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Bumelia Webworm Urodus parvula (Edwards 1881) (Insecta: Lepidoptera: Urodidae)1

Donald W. Hall2

Introduction

The bumelia webworm moth, Urodus parvula (Edwards) is a small, smoky colored moth that is sometimes encountered in light trap collections. The caterpillars (Figure 1) occasionally occur in isolated outbreaks (Watson 1914, Johnson and Lyon 1988) during which they defoliate red bays, Persea borbonia (L.) Spreng.

Figure 1. 

Bumelia webworm, Urodus parvula (Edwards).


Credit:

Lyle J. Buss, UF/IFAS


[Click thumbnail to enlarge.]

Nomenclature and Classification

Edwards (1881) created the genus Penthetria in the family Zygaenidae and described two new species in the genus, Penthetria parvula and Penthetria majuscula (now Cydosia majuscula [Edwards]: Noctuidae). These species are similar in appearance and were often confused after Holland (1903, Pl. 29, Fig. 66) mistakenly illustrated parvula as majuscula (Kimball 1965). Bonniewell (1918) reported collecting many larvae and pupae of Cydosia majuscula in Florida, but the cocoons he described were likely those of parvula, not majuscula. In fact, it is unlikely that Cydosia majuscula is resident in Florida (Kimball 1965, Heppner 2007).

Dyar (1898) synonymized the genus Penthetria Edwards with the genus Cydosia Westwood (family Noctuidae). He then stated that the species parvula was not assigned to any genus at that time. Busck (1910) placed Penthetria parvula in the genus Trichostibas, and Dyar (1913) classified it in the family Yponomeutidae. Finally, Forbes (1923) moved Trichostibas parvula to the genus Urodus Herrich-Schäffer 1854 (Herrich-Schäffer 1850–1858).

For many years Urodus parvula continued to be included in the family Yponomeutidae (e.g., Covell 1984, Heppner 1987) until Kyrki (1988) made Urodus the type genus of the new family Urodidae.

The common name for urodids is false burnet moths (Heppner 1998, Beadle and Leckie 2012) because of the resemblance of some urodids to burnet moths in the family Zygaenidae.

Distribution

The bumelia webworm occurs primarily in the coastal plain of the southeastern US from the District of Columbia westward to eastern Texas and north to western Tennessee (Figure 2). There is also an isolated record from western Virginia (Moth Photographers Group [http://mothphotographersgroup.msstate.edu/species.php?hodges=2415]).

Figure 2. 

Distribution map of bumelia webworm, Urodus parvula (Edwards).


Credit:

Donald W. Hall, UF/IFAS, (based primarily on records from the Moth Photographers Group map)


[Click thumbnail to enlarge.]

Description

Adults

The wingspread is 2 to 2.9 cm (approx. 0.8 to 1.14 in.) (Covell 1984). The forewings and body are smoky black, and the hindwings are lighter in color and somewhat translucent (Figure 3). Each forewing has an accessory cell (=chorda) (Heppner 1998) (Figure 4) that is difficult to see unless the scales are removed or the wing is cleared. The antennae are filiform, and ocelli (simple eyes) and chaetosema (sensory setae on head near eyes) are lacking. These characteristics distinguish Urodus parvula adults from the similar adults of the laurelcherry smoky moth, Neoprocris floridana Tarmann (Zygaenidae), which have bi-pectinate antennae and both ocelli and chaetosemata (Figure 5). The labial palpi of Urodus parvula are up-curved (Heppner 1998) while those of Neoprocris floridana are straight. Zygaenidae lack forewing accessory cells.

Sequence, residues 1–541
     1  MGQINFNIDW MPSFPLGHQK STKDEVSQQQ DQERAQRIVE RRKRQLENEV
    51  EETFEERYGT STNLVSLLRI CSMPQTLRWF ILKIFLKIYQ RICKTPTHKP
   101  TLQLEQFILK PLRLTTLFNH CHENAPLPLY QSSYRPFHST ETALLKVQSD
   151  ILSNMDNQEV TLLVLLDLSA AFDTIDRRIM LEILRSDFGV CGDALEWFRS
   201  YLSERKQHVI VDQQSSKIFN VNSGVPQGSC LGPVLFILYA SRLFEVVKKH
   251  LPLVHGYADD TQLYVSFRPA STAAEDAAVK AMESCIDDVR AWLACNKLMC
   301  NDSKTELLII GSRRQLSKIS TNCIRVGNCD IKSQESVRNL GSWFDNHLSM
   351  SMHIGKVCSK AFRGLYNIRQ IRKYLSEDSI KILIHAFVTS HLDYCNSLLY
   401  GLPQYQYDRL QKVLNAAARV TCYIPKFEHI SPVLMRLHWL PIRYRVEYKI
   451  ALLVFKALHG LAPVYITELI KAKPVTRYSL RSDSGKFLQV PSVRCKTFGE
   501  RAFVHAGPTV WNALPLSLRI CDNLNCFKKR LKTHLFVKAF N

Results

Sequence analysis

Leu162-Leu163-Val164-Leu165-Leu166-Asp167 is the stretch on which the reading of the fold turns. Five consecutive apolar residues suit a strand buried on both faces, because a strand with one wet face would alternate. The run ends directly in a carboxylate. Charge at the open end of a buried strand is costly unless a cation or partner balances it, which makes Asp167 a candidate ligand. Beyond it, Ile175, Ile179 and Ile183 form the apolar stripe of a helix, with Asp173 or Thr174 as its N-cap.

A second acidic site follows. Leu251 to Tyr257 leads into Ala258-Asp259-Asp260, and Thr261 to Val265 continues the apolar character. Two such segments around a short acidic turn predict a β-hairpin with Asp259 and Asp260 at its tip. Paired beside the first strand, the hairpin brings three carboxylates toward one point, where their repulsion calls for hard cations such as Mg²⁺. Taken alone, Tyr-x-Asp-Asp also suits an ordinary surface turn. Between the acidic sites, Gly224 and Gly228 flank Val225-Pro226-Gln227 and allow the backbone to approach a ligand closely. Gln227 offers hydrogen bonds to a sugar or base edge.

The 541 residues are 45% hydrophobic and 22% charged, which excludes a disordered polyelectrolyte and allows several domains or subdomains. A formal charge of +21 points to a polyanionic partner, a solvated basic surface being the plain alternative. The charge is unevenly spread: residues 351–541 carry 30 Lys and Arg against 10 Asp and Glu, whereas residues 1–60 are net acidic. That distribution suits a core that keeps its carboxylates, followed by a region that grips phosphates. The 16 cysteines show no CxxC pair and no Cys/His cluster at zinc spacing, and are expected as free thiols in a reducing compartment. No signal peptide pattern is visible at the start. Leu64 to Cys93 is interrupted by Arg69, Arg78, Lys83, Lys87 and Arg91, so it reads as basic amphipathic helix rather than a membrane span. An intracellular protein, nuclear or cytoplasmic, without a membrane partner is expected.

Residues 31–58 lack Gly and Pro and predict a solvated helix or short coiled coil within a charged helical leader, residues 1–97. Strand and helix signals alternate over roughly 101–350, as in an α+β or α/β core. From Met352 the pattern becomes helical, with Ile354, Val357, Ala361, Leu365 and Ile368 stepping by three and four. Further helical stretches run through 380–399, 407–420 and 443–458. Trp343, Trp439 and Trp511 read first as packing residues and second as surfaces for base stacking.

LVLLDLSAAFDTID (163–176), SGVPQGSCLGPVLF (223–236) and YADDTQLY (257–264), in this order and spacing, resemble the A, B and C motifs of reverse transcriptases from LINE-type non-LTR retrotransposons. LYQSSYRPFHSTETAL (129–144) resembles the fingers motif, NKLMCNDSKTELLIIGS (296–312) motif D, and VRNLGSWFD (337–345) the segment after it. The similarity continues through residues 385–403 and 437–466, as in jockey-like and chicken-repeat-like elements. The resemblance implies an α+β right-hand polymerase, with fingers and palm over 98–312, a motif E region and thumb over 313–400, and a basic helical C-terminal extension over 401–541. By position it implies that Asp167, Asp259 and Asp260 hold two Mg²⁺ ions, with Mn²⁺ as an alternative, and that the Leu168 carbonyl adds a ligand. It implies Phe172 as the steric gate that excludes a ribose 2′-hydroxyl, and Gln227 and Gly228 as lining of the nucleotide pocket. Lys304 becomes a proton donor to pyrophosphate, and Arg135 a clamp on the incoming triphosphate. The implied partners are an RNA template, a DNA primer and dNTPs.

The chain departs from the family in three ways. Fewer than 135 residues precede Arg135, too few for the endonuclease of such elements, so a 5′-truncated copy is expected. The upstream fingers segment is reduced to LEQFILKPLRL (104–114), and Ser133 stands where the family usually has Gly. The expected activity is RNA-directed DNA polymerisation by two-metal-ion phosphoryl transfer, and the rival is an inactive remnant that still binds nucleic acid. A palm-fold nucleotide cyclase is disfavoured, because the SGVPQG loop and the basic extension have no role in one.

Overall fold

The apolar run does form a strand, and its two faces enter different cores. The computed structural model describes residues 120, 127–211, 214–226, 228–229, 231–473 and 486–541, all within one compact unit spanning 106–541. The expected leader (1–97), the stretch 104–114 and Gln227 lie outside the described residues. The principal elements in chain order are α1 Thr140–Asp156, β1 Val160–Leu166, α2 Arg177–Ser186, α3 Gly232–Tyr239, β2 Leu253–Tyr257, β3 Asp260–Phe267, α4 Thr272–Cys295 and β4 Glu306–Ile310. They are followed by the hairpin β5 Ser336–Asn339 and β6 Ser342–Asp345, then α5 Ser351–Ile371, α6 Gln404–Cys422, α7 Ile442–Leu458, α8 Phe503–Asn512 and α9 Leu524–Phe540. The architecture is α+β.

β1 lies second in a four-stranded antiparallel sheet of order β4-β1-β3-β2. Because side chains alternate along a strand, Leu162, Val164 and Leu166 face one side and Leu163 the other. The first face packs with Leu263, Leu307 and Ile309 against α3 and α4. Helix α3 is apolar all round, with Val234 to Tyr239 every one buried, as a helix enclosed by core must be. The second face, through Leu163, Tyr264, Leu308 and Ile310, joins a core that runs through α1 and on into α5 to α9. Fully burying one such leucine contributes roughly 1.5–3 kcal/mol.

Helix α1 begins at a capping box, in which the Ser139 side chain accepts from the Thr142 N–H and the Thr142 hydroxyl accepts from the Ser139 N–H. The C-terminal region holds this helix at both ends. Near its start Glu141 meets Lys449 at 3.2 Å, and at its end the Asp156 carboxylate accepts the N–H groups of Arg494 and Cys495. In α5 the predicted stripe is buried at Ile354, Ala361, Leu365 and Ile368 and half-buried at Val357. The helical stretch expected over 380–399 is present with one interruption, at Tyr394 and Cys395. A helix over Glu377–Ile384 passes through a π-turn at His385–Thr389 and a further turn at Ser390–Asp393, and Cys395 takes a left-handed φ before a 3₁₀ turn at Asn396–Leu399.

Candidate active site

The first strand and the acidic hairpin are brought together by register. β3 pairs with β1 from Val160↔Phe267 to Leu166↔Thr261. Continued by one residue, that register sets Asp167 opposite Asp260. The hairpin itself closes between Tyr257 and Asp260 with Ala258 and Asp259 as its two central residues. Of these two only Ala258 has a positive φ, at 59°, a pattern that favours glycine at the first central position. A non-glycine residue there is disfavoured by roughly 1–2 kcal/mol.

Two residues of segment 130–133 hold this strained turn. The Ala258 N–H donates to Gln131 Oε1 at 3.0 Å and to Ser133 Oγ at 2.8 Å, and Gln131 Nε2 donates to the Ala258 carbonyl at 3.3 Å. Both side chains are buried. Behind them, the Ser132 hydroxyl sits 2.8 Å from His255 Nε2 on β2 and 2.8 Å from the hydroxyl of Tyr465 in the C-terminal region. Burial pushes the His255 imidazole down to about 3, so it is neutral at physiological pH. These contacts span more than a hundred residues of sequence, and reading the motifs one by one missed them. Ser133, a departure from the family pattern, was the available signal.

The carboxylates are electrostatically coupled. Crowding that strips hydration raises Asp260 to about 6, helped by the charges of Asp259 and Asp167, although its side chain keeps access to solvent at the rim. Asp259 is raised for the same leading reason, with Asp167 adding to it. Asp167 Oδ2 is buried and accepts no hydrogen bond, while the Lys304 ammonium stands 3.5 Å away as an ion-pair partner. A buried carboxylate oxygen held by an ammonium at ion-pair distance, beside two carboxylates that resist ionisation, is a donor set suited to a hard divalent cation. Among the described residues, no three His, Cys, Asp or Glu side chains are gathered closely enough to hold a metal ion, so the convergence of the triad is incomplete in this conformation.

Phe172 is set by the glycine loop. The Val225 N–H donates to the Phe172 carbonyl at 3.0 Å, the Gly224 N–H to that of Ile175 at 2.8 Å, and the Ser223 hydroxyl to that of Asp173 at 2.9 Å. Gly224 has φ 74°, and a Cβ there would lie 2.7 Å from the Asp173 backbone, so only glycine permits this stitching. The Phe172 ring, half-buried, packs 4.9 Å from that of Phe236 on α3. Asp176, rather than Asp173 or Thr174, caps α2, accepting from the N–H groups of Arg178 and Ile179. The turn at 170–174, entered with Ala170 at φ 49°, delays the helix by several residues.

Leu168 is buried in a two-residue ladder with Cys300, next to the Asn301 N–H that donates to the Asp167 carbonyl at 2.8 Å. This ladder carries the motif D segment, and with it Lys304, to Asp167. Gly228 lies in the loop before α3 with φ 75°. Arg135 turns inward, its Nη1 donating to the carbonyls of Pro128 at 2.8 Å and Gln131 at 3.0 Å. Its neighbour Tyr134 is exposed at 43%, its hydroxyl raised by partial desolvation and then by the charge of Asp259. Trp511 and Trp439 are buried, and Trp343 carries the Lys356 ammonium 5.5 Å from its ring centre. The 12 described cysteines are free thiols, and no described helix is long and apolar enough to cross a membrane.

Figure 3. 

Bumelia webworm moth, Urodus parvula (Edwards).


Credit:

Lyle J. Buss, UF/IFAS


[Click thumbnail to enlarge.]

Figure 4. 

Bumelia webworm moth, Urodus parvula (Edwards), ventral aspect of forewing showing accessory cell (delimited by arrows).


Credit:

Donald W. Hall, UF/IFAS


[Click thumbnail to enlarge.]

Figure 5. 

Bumelia webworm, Urodus parvula (Edwards) (top), and laurelcherry smoky moth, Neoprocris floridana Tarmann (bottom).


Credit:

Donald W. Hall, UF/IFAS


[Click thumbnail to enlarge.]

Males and females are similar in appearance. Males can be distinguished from females by their large external genitalia and by the short reddish area at the base of each wing near the costal margin (Frost 1972).

The typical resting position of urodids is with the wings folded back and roof-like over the abdomen (Figure 6).

Figure 6. 

Bumelia webworm moth, Urodus parvula (Edwards). Typical resting position.


Credit:

Lyle J. Buss, UF/IFAS


[Click thumbnail to enlarge.]

Eggs

Eggs are approximately 0.74 mm by 0.37 mm, and the chorion (egg shell) is pale yellow and unsculptured (Frost 1972).

Larvae

Mature larvae are approximately 12 mm long (Frost 1972). The head is yellow. The thorax and abdomen have middorsal and lateral longitudinal rows of irregular white patches with yellowish-orange spots. Transverse rows of elevated black pinacula (areas of sclerotized cuticle) bearing stout black setae arise from the white patches. (Figure 7).

Figure 7. 

Bumelia webworm, Urodus parvula (Edwards).


Credit:

Lyle J. Buss, UF/IFAS


[Click thumbnail to enlarge.]

Cocoons and Pupae

The mesh cocoon is approximately 13 mm long and is suspended from the substrate by a silk stalk. The larva leaves an opening at the rear (Figure 8) through which the larval exuviae is expelled (Forbes 1923) (Figure 9) and an anterior opening for pupal protrusion prior to adult emergence (Figure 10).

Figure 8.